The book revolves around the problem of clarifying the new sense of what has been called ‘the real’, both as practical source of novelty for thought and as theoretical concept of concrete materiality. James convincingly demonstrates the importance of the new French philosophy for contemporary debates about materialism, particularly in relation to a new thematisation of the constitutive role of the real. It can no longer be considered as a stable foundation, but is rather as a plastic material with which we do not cease to engage and interact. In James’ view, this transformation in philosophical practice has occurred ‘in response to the necessity of a repositioning of the real itself as immanent to the techniques of thought’. Again, a key aspect of his approach is to rethink the status of worldly appearance in order to re-engage in new and highly original ways with the question, or rather the practice of ontology from the perspective of which being, thinking and matter are ultimately one.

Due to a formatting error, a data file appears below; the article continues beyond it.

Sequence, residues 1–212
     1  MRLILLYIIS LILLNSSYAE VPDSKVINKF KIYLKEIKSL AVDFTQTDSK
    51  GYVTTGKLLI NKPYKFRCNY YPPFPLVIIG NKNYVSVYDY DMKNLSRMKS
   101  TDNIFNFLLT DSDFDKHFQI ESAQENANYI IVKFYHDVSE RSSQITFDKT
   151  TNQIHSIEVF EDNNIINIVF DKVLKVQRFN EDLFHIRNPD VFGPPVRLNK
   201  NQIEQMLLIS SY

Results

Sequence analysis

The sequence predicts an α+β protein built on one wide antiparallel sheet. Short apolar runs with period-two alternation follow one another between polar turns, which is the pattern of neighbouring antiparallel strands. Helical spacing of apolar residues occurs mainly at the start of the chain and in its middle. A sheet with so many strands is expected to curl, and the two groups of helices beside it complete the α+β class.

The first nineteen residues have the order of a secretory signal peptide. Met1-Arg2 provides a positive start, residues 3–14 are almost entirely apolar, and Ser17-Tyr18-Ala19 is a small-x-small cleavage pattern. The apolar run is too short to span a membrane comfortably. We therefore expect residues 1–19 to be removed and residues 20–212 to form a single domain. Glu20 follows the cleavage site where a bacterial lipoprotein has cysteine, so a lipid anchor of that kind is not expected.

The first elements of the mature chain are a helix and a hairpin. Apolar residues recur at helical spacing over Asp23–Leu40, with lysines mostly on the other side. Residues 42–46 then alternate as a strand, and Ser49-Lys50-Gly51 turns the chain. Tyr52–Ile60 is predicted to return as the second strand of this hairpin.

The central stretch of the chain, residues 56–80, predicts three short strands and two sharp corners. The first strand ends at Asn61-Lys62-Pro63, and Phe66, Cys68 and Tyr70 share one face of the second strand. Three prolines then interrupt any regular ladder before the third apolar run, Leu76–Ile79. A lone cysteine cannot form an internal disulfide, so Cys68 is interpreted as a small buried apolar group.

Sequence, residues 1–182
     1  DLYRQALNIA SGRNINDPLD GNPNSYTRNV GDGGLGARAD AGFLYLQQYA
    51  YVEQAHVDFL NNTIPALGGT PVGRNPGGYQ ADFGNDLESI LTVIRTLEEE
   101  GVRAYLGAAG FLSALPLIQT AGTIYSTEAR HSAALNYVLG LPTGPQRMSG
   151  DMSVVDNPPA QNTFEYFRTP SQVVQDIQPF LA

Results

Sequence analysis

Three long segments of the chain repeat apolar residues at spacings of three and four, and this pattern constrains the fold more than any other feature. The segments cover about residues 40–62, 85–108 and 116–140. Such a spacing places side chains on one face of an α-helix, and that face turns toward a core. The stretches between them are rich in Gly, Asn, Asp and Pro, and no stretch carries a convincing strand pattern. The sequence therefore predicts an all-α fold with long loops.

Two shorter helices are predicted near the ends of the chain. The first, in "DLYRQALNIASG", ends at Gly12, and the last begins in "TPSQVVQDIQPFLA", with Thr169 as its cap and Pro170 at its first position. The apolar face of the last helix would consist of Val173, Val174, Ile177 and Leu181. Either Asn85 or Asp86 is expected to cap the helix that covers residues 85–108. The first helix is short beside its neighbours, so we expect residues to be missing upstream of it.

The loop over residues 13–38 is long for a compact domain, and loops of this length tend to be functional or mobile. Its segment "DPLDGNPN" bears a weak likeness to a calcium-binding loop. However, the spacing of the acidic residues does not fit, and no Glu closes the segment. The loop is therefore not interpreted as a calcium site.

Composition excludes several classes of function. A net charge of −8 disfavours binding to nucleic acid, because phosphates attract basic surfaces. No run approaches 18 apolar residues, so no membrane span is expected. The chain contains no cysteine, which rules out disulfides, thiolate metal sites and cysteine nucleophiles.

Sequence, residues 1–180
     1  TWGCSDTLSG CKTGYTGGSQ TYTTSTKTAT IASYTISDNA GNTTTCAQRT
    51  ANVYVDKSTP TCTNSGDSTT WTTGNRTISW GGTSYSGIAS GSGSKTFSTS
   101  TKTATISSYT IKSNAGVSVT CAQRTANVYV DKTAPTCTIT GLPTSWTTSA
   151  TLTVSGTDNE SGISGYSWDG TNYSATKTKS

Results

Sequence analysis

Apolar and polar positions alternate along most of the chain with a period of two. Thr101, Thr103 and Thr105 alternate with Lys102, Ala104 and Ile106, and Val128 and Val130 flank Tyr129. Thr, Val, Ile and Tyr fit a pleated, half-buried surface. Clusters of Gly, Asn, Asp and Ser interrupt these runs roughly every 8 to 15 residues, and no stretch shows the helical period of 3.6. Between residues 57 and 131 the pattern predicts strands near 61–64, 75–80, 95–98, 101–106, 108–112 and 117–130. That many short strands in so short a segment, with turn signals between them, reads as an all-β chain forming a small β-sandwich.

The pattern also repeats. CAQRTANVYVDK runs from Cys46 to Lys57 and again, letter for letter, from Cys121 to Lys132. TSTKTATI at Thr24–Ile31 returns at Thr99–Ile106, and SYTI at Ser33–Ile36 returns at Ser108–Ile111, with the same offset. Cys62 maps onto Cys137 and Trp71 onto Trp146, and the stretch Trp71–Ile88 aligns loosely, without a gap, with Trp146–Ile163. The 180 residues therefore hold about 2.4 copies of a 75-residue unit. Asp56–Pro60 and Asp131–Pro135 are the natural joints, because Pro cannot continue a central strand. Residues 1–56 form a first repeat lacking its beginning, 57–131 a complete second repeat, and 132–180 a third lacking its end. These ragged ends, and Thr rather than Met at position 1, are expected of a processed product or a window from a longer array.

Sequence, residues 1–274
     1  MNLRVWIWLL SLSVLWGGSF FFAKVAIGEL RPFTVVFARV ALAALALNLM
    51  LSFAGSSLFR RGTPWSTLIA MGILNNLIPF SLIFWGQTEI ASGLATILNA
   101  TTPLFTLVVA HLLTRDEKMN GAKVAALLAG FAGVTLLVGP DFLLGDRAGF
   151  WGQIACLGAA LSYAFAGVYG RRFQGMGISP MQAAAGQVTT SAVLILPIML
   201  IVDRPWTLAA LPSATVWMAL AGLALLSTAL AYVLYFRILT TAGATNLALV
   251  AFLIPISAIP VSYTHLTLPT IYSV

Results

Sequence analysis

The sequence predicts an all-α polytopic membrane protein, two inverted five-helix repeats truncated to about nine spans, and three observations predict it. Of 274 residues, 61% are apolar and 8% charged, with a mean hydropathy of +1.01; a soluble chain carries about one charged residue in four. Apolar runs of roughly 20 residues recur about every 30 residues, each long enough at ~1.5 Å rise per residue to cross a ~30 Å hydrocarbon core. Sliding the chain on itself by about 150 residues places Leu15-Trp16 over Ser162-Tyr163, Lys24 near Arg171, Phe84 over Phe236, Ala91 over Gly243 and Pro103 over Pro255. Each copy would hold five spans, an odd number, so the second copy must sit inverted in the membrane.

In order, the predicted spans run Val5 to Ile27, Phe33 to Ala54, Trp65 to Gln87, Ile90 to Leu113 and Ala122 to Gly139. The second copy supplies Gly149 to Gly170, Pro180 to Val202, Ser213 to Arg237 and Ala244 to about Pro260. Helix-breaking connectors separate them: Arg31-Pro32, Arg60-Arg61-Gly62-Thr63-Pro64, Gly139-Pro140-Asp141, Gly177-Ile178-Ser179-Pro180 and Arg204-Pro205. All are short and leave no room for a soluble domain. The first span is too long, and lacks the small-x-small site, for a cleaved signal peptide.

James lays welcome emphasis on major and oft-disregarded texts, presenting a solid analysis of French philosophers’ most important theses and concepts. The book is clearly successful in analysing the development of philosophical concepts over the last three decades and in pointing out the conceptual resonances, theoretical tensions and lines of force that make up the captivating network of contemporary French philosophy. This insightful comparative approach enables the reader to engage with the most significant innovations in the domain of Continental philosophy and to readdress ethical and political questions such as that of the subject and democracy. James produces ample evidence for helping the reader to grasp the theoretical and practical gesture of philosophers, exploring their effort to reinvent a style of writing that would be adequate to the fragmentary, excessive and infinite nature of the real.